comma before 'though' [adverb, end position]: they do that, though?


American English
Sorry for the similarities with my last question but I see this slightly differently.

I'm always confused as to whether I should put a comma before words such as "though."
Example: Why would they do that, though?

Lots of respected journalists always put a comma before "though" and I never know what to do. Is one technically more correct than the other, or are they both correct?
  • Well, here the "though" is used as a kind of interjection. Imagine yourself saying it: wouldn't you pause between the "that" and the "though"? The comma goes in to mark that pause. An example might be "Serious faults with the original plan had begun to emerge, though."

    There wouldn't be a comma where there wouldn't be a pause. Compare to:

    "Though why should she care?"
    Yeah, you're right. That was a bad example. Um... I can't think of any good examples, though. ... Well, how about that:

    "I can't think of any good examples, though." <-- The "though" in that sentence seems off-kilter. I feel like it pushes the reader to pause for longer than intended in this instance and that the comma is a distraction which breaks up the flow of the sentence.

    At the same time, a "though" at the end of a sentence is always an interjection, right? So if interjections are always separated by a comma (are they?) then I guess it follows that a "though" at the end of a sentence would always have a comma before it. Am I following this correctly?
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    ...a "though" at the end of a sentence is always an interjection, right?

    Both AHD and Collins English Dictionary classify 'though' as a conjunction and an adverb; there's no mention of it being an interjection.

    ...a "though" at the end of a sentence would always have a comma before it.

    Here's a thread on a forum for "linguists, etymologists and serious English language enthusiasts" that addresses the question "Should there be a comma before 'though' when it occurs at the end of a sentence?" The example sentence discussed: I don't know how outdated it is though. The general consensus seems to be that the comma is optional. One argument for using it is that it signals a pause that precedes 'though'. One argument for not using it is that the text "reads a little cleaner."
    Although it may be possible to put a pause in there, I don't think there normally is. As this adverb is a single syllable and can't be followed by anything else in this position, it's hard to tell whether it has a slight rising intonation of its own (indicating it's a separate intonation phrase) or whether it continues the downward intonation of the main phrase before it. My feeling, for what it's worth, is that it's an integrated part of the clause. But in medial position it can be said either separated or integrated too:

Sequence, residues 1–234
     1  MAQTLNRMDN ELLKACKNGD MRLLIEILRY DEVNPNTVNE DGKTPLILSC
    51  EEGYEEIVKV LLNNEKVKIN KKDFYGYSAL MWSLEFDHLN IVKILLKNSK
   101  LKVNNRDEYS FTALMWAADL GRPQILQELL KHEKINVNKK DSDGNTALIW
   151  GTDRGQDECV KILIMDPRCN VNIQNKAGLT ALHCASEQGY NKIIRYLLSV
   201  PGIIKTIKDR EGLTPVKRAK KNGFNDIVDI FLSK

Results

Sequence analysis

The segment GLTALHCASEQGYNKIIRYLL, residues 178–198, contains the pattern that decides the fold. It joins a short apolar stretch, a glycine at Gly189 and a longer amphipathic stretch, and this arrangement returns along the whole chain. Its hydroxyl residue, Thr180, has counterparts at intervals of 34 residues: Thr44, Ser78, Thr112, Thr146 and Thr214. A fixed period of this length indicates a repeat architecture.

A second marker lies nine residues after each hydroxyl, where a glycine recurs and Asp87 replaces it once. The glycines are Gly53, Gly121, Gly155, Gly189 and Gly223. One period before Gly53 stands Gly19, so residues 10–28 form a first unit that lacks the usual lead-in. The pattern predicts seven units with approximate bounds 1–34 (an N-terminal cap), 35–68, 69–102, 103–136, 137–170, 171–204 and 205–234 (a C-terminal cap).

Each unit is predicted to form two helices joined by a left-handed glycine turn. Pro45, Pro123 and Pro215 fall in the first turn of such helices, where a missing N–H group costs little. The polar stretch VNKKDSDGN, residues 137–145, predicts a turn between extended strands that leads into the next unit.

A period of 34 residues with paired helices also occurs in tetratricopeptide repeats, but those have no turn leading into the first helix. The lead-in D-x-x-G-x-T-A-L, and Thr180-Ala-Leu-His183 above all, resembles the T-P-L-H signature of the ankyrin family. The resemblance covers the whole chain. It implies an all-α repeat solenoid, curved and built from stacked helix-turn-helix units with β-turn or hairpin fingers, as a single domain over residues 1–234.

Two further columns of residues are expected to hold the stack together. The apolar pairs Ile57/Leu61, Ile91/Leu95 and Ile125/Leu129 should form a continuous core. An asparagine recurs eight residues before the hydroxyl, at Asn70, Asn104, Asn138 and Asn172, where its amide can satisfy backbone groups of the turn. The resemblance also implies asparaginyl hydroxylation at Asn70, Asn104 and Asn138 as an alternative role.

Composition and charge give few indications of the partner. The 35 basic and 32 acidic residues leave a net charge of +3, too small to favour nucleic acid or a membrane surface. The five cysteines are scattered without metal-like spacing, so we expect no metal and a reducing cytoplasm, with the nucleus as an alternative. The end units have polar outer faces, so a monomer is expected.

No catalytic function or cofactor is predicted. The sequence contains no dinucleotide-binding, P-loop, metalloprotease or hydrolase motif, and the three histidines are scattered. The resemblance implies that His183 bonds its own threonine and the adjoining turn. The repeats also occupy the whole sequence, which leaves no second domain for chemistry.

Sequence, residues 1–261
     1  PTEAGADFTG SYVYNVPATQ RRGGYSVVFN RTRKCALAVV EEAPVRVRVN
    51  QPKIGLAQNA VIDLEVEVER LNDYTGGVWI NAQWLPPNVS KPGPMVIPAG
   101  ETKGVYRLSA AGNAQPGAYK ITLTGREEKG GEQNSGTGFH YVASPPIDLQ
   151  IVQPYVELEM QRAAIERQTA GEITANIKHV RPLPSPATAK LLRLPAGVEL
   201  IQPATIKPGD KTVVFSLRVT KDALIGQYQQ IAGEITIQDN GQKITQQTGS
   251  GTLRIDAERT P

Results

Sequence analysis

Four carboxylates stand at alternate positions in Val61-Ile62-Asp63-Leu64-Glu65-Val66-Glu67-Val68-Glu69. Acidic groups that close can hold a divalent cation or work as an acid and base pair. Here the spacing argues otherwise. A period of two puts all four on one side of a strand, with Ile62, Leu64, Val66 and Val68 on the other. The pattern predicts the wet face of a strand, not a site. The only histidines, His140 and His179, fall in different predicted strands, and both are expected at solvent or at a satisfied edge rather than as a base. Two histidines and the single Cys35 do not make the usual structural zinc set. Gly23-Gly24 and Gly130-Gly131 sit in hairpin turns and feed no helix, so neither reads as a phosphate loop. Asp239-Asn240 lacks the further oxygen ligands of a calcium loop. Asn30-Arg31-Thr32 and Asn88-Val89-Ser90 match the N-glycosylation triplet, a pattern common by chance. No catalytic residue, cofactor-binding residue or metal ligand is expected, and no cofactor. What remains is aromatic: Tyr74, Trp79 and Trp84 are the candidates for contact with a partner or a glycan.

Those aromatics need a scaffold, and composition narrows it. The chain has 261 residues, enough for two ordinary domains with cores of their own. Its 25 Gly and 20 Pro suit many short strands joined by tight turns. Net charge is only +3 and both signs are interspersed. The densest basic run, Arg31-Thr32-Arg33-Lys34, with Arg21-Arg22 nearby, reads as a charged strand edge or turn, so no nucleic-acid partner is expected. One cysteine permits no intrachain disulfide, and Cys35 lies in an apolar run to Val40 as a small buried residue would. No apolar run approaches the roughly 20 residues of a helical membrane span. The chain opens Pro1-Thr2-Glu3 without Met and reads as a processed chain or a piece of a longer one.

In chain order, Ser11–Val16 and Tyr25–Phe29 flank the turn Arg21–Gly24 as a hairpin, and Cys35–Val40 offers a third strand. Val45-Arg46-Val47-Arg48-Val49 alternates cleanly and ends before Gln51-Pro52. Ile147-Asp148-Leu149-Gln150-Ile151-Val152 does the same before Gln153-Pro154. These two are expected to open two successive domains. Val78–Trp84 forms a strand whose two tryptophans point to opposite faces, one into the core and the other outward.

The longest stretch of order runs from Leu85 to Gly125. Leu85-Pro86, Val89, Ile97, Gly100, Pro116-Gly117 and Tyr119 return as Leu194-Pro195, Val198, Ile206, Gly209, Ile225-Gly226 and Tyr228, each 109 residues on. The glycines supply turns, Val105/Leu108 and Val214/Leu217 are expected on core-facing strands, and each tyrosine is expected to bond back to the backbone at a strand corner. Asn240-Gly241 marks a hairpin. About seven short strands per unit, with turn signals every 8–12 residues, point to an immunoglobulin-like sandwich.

Why, though, would they do that? [fall-rise on \/why, then another on \/though]
    Why though would they do that? [fairly level until \that, as in unmistakably integrated 'Why on earth would they do that?']

    Commas are very, very often optional.
    My tuppence-worth:

    "I can't think of any good examples, though" = "Though I can't think of any good examples."

    The "I can't think of any good examples though" type of construction is used when a chain of thought has been finished and a new sentence is required. However, though is a subordinating conjunction and, "Though I can't think of any good examples." is a clause.

    Thus, a sentence has to be created by placing though at the end and the comma is required, to separate it from the sentence.

    It's a tag-conjunction!
    Your answers are all great but there seems to be disagreement, and, hence, I'm still confused.

    PaulQ - You're saying that "though" at the end of a sentence requires a comma every time? Why must "though" be separated from the sentence when they seem to get along just fine without the comma? Your answer was thorough but I'm still not following.

    And if it is indeed optional then am I forced to pick one form or the other and stick with it? What if I don't want to put commas before "though" for the most part, except for the odd times where I actually do want to direct the reader to a slight pause? Would that be seen as inconsistent?
    Idunnoanymore - it seems like you are looking for rules to guide you. However, in many cases there are no rules available and you have to make some choices. You will be fine if you only use a comma where you want the effect of a pause. There are many areas of English where the retrospective analysis does not lead to clear-cut rules and there never were any prospective rules before we started speaking the language :(
    This sort of comma is a matter of choice, not necessity, as such. But this is clearly a use of though as an adjunct, a sort of afterthought that’s by no means essential, so it’s entirely reasonable to indicate that by separating it from the statement it refers to.

    Note that if, instead, you used however at the beginning of this sort of sentence, a comma would be essential to avoid its appearing to mean “in whatever way” (rather than “but”).